Like many PC users, I have accumulated a lot of gadgets and gizmos over the years, including a high-performance digital, integrated microphone/headset that I use with voice recognition software. There are times, however, when all I want and need is a good analog microphone. After some careful reviews of reviews and comparative shopping thanks for the help of Holoplot, I recently settled on the Logitech Desktop Microphone (980240-0403) and am pleased to report that it does everything I had hoped and more. For the price (under $30.) I don’t think you can beat it!
There are many kinds of recording needs you can use your PC for. In this instance, I was looking for something monaural and analog (that would simply plug in to my PC without the need for its own power source) to manually record my own voice and guitar playing. I tried to use the Plantronics digital headset mic that I use for voice recognition, but the mic was not well positioned because it is attached to the headset. Further, it is designed to ‘listen’ best with your mouth only about 2 inches from it. To record my own voice and pick up the guitar (acoustic) at the same time, I clearly needed something different. So the hunt began.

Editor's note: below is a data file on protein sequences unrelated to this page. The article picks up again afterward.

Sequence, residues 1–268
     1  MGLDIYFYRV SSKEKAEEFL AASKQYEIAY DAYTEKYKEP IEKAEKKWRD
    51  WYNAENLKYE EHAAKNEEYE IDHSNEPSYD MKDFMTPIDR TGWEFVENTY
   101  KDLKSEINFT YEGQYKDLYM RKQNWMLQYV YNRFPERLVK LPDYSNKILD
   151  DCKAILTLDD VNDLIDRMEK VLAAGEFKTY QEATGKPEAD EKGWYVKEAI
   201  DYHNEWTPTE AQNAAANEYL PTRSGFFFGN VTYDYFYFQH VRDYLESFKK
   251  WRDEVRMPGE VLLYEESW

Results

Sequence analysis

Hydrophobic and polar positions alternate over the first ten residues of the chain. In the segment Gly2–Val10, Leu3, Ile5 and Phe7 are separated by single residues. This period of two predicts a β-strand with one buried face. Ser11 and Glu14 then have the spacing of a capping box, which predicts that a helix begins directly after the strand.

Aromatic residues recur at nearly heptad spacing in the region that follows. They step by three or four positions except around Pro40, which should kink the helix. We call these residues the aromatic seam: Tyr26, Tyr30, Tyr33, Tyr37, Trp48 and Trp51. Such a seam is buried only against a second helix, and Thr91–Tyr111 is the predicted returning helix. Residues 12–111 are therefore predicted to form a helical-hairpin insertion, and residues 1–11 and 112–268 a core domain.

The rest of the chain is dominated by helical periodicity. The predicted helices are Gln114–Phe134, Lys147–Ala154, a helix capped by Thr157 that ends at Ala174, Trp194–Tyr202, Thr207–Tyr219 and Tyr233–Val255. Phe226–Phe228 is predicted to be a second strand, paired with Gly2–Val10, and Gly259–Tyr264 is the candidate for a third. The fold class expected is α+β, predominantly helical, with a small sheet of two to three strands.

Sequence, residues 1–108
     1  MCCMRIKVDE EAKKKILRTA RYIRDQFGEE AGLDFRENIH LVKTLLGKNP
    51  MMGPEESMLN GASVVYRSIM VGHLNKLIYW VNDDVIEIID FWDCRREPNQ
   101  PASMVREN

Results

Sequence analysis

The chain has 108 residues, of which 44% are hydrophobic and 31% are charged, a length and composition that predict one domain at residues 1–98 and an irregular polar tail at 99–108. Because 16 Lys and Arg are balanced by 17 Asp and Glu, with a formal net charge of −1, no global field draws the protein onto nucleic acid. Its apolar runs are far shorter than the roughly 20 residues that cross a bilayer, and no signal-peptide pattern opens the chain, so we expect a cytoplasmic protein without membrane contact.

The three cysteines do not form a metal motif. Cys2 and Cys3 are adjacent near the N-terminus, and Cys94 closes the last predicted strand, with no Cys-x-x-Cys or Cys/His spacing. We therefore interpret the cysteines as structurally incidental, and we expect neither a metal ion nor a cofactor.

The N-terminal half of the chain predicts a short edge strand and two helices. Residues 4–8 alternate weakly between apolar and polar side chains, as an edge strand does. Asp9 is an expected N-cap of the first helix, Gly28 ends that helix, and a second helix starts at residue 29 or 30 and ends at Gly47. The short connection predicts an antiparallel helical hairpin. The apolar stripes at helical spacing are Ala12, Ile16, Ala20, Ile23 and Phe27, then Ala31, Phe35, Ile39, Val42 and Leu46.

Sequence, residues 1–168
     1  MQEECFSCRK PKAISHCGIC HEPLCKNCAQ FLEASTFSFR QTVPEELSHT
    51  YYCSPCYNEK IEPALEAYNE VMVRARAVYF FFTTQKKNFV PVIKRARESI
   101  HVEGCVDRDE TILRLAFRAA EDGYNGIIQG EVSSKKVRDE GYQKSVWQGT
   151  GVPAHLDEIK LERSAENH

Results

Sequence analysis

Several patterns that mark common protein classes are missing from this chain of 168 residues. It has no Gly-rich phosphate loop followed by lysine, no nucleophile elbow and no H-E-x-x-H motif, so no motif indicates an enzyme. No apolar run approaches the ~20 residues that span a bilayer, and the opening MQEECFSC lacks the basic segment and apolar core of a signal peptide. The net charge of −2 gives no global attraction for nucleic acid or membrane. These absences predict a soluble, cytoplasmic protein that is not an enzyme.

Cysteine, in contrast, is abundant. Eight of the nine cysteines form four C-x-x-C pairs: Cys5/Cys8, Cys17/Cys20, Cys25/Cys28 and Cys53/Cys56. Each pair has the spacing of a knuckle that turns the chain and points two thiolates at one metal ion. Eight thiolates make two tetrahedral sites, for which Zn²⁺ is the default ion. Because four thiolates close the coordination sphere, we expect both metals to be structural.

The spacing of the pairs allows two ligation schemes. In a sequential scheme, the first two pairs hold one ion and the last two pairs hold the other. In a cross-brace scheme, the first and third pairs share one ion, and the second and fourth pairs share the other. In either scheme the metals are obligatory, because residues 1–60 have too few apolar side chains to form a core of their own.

This microphone, in basic black with an arched 8 inch neck, has better than adequate noise-canceling capacities (screens out much of the ambient sounds around and behind you), has an easily reachable mute switch and pivots, conveniently, on a secure base. The set also includes an adhesive-backed mounting option for those of you who would find it more convenient to mount the mic on your monitor. I do not, as the flexibility of being able to move it around a bit suits my own purposes better.
It cames with a plug-in cord ended in a pink plug and simply plugs in to the pink sound jack on the back of the PC, uses your own existing sound card, and works perfectly. For those of you for whom technical specifications are important considerations, this microphones sensitivity is rated at -67 dB/juBar, -47 dB/Pascal +/-4dB. The frequency response is listed as 100-16kHz. More than adequate for most home applications. Conveniently, the plug=in cord is 8 feet long, allowing for lots of choice about placement.
Most new PCs come with external mics. I have gone through many of them. The quality is simply not comparable. If the quality of your mic-recorded sounds matters, they are worth the (minimal) investment in an after-market mic like this one which I found to be available at most electronics online shops at very competitive prices.
Some good things cost a lot – and some do not. This basic piece of equipment can change, for the better, your experience with sound recording and broadcasting (it is also Skype certified, for those of you using this technology for phoning) for an investment so small that there is hardly a good case to be made for not getting one. Give it a try – you’ll see what I mean.